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Former New England Mafia boss Francis “Cadillac Frank” Salemme was placed in the federal witness protection program a decade ago after testifying against a corrupt ex-FBI agent, but refused to give up information about a half-dozen murders in the 1980s and 1990s even though he was promised immunity.

On Thursday, that decision came back to haunt Salemme as he was arraigned in US District Court in Boston for the 1993 slaying of South Boston nightclub owner Steven DiSarro and it was revealed that one of his longtime allies in the Mafia is cooperating against him in the case.

Rhode Island mobster Robert “Bobby” DeLuca began cooperating with authorities in June after he was indicted on charges of obstruction of justice and making false statements for allegedly denying any knowledge about DiSarro’s disappearance, according to testimony by a Massachusetts state trooper.

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DeLuca told investigators that he and his brother helped Salemme dispose of DiSarro’s body in Providence after Salemme’s late son and an associate, Paul Weadick, strangled him, according to the trooper, John Fanning.

Salemme, 83, who had been living in Atlanta with a new identity until his arrest last month, pleaded not guilty Thursday to DiSarro’s murder. He is being held without bail.

After the hearing, Salemme’s attorney, Steven Boozang, said Salemme had nothing to do with the slaying and was charged because people “got themselves jammed up and in trouble and now they are pointing the finger at Frank Salemme.”

Weadick, a 61-year-old plumber from Burlington who was indicted for DiSarro’s murder along with Salemme, pleaded not guilty last week.

During a hearing Thursday, Assistant US Attorney Fred Wyshak argued that Weadick should be held without bail because he is “a violent individual,” with ties to high-profile Mafia figures who could help him intimidate witnesses or flee.

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Weadick’s attorney, Carmine Lepore, described him as a family man who has worked as a plumber and maintenance man for a real estate company for the past 15 years. He said Weadick has not been in trouble since he was released from prison in 1989 after serving seven years for manslaughter.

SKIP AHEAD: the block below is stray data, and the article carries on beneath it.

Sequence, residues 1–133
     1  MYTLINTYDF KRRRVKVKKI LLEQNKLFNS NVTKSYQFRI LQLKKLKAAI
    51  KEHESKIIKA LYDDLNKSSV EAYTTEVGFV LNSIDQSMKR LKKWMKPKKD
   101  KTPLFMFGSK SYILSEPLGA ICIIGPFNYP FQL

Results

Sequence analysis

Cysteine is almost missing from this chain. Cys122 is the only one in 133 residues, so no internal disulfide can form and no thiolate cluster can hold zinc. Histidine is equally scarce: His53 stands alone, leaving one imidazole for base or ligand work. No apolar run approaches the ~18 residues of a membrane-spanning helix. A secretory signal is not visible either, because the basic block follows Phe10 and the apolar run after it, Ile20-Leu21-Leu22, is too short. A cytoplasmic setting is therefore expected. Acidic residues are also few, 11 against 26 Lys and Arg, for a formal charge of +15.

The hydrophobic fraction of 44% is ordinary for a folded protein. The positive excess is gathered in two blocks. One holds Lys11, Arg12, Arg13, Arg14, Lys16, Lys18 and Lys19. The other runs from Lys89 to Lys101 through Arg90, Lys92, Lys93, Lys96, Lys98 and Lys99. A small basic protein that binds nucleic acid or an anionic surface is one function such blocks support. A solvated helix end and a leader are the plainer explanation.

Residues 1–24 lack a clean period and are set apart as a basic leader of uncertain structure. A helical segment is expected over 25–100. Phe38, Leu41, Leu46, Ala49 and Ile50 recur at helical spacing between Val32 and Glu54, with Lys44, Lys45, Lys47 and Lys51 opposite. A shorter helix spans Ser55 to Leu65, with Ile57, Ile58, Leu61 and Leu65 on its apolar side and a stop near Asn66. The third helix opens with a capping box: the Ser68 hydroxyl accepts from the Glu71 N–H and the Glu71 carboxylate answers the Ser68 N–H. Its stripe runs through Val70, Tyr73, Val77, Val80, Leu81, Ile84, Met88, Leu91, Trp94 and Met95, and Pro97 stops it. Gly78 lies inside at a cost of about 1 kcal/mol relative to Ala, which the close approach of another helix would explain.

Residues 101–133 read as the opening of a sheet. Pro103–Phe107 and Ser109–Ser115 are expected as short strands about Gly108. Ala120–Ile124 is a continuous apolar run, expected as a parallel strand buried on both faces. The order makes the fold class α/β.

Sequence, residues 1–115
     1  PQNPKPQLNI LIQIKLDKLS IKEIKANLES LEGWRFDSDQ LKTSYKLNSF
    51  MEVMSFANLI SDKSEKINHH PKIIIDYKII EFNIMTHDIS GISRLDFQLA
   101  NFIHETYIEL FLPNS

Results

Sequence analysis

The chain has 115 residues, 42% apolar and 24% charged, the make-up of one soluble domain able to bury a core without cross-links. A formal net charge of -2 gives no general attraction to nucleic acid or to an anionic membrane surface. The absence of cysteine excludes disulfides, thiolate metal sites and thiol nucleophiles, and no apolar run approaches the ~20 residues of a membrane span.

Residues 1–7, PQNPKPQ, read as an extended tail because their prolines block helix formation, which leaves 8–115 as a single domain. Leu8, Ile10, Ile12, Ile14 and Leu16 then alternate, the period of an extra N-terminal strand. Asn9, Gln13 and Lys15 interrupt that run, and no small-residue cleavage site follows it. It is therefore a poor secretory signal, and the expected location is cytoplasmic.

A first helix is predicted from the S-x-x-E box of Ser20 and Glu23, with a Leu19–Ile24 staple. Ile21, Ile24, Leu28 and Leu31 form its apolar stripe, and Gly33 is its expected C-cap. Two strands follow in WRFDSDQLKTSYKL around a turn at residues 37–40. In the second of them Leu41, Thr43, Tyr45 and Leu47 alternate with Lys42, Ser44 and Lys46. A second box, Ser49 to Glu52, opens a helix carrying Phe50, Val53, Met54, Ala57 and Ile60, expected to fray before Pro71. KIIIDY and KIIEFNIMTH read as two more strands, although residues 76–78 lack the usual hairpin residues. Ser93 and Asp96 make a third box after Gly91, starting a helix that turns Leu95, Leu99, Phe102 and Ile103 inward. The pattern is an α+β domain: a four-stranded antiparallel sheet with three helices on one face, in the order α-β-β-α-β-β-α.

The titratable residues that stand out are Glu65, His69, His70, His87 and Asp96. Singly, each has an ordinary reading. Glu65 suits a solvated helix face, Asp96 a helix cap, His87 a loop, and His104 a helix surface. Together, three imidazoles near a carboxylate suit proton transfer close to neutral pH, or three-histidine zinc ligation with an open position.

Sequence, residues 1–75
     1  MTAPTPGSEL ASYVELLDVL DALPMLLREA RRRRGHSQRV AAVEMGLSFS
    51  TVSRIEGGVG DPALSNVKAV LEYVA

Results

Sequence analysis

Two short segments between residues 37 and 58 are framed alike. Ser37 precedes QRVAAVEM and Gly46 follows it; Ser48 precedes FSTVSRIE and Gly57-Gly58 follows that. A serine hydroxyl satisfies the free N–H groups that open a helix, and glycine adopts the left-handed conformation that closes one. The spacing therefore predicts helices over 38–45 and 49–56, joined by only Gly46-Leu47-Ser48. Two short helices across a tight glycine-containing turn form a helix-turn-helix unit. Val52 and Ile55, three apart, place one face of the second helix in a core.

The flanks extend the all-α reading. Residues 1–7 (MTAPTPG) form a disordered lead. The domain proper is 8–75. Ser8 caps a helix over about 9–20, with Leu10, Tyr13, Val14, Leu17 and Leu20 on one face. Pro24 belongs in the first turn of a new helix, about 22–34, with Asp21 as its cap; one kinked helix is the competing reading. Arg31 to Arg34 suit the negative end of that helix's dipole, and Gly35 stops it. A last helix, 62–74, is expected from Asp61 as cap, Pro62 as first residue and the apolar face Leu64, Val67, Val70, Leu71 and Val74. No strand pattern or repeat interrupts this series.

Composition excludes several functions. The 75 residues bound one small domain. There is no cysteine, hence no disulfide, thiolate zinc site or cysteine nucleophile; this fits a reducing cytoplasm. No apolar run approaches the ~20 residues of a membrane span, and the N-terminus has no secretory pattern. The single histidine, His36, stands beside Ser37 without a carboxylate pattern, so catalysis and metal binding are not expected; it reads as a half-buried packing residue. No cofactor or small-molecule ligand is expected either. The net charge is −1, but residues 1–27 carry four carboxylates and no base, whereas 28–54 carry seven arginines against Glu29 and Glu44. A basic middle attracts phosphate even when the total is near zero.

Weadick pleaded guilty to manslaughter for the 1982 death of Joseph Mistretta, who was shot inside Weadick’s home and stuffed in the trunk of a car. At the time, police said they found Weadick on his hands and knees, wiping blood off the living room floor. A friend of Weadick’s was convicted of shooting Mistretta.

US Magistrate Judge Donald Cabell took Weadick’s bail request under advisement.

Salemme and Weadick are charged with killing DiSarro, 43, of Westwood, to prevent him from being a witness in a federal investigation that was targeting Salemme and his son, Frank.

The indictment alleges that Salemme and his son, who died in 1995, had a hidden interest in The Channel, a now-defunct nightclub acquired by DiSarro in the early 1990s.

DiSarro vanished on May 10, 1993. The FBI and state investigators, acting on a tip, discovered his remains in March, buried in a Providence lot.

Fanning, who filed an affidavit urging the court to deny bail for Weadick, testified Thursday that DeLuca told investigators that Salemme warned him in 1993 that he suspected DiSarro was stealing from The Channel and cooperating with federal law enforcement.

DeLuca said he advised Salemme “to get rid of him.”

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A week or so later, DeLuca said, Salemme sent him a coded message on his pager telling him to dig a hole because he was going to deliver a “package’ to him.

DeLuca said his brother, Joseph DeLuca retrieved DiSarro’s body from Salemme and buried it, according to Fanning. Later, according to DeLuca, Salemme confided that his son had strangled DiSarro, while Weadick held his legs, Fanning said.

Fanning also testified that DeLuca said Salemme told him that Weadick, who worked at The Channel, was questioned by police after DiSarro disappeared, but they did not have to worry about him talking because, “He’s a standup guy.”

DeLuca’s statements bolster an account of DiSarro’s slaying given to authorities in 2003 by gangster Stephen “The Rifleman” Flemmi.

Salemme was indicted with Flemmi and James “Whitey” Bulger on federal racketeering charges in 1995. After learning the pair were informants, he testified against their former handler, retired FBI agent John J. Connolly Jr.

Salemme also admitted he participated in eight murders in the 1960s, but prosecutors said he failed to help solve at least half a dozen murders allegedly committed by his Mafia underlings.

Salemme was kicked out of the witness protection program in 2004 and charged with lying about DiSarro’s slaying. He pleaded guilty, served five years in prison, and was allowed back into the program after his release.


John R. Ellement of the Globe Staff contributed to this report. Shelley Murphy can be reached at shelley.murphy@globe.com.